Wal-Mart has joined Google, Microsoft, and other companies angling to get a piece of the digital health records market.
The retailer plans to bring its low-cost, high-volume mentality to the healthcare industry by offering a deal that includes hardware, software, installation, maintenance and training to convert a doctor's office from using paper to digital medical records.
Wal-Mart has experience in this area. It operates a prescription program and an online pharmacy, and in January, the company launched an internal e-health initiative. The program allows more than 1.4 million Wal-Mart employees to access their personal health records online.
President Barack Obama's US$19 billion dollar allocation in the stimulus package to digitize electronic medical records has many companies racing to be viable players. There may also be incentives of $40,000 per physician to install and use digital health records, The New York Times reports.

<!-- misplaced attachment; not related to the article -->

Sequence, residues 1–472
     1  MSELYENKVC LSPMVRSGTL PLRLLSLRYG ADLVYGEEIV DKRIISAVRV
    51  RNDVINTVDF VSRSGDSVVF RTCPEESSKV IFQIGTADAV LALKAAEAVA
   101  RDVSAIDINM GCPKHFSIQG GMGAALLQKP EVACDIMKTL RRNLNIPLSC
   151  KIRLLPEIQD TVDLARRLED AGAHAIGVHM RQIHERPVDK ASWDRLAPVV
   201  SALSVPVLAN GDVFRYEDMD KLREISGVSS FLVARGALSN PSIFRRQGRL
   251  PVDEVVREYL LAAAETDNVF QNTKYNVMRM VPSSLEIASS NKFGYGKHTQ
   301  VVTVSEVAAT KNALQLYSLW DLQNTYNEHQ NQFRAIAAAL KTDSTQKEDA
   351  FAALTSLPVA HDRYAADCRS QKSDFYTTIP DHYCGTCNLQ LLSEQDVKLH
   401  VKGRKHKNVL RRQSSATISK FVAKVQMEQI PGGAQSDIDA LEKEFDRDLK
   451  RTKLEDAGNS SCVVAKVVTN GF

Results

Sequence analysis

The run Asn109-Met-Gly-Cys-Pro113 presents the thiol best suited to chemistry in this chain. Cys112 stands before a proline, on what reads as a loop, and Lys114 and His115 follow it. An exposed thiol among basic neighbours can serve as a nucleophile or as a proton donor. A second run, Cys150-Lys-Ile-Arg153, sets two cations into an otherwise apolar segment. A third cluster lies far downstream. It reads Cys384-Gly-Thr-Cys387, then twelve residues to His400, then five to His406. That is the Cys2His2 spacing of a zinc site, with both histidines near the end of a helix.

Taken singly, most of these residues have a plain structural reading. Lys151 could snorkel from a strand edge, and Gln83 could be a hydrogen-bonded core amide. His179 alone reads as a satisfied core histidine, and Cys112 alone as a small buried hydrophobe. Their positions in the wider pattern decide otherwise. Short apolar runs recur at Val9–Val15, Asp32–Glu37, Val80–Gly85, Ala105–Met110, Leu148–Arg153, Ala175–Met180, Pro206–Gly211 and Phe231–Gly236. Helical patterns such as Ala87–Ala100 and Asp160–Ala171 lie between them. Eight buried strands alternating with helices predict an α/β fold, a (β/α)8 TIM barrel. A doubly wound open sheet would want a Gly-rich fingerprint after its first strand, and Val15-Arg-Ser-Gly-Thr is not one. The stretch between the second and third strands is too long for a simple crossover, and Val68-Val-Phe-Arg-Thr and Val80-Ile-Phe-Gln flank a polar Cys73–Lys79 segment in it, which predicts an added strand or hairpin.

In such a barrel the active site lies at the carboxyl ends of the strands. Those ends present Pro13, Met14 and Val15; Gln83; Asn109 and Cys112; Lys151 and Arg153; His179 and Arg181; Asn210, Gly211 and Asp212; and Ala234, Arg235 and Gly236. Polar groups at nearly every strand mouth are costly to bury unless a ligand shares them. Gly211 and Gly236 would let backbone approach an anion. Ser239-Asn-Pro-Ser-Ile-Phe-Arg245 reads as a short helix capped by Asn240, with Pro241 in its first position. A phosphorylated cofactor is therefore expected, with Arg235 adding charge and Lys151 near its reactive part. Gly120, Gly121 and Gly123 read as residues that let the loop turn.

During last year's presidential campaign, Obama promised to digitize every health record in the country by 2012. What remains to be seen is whether the transformation can take place in three years and how much it will save in the long run.
There is also a question of how much it will cost. CNN.com reported that independent studies from Harvard, RAND and the Commonwealth Fund found a national health records system will cost anywhere from $75 billion to $100 billion over the next ten years.
This story, "Wal-Mart to Offer Low-Cost Digital Health Records Package" was originally published by thestandard.com.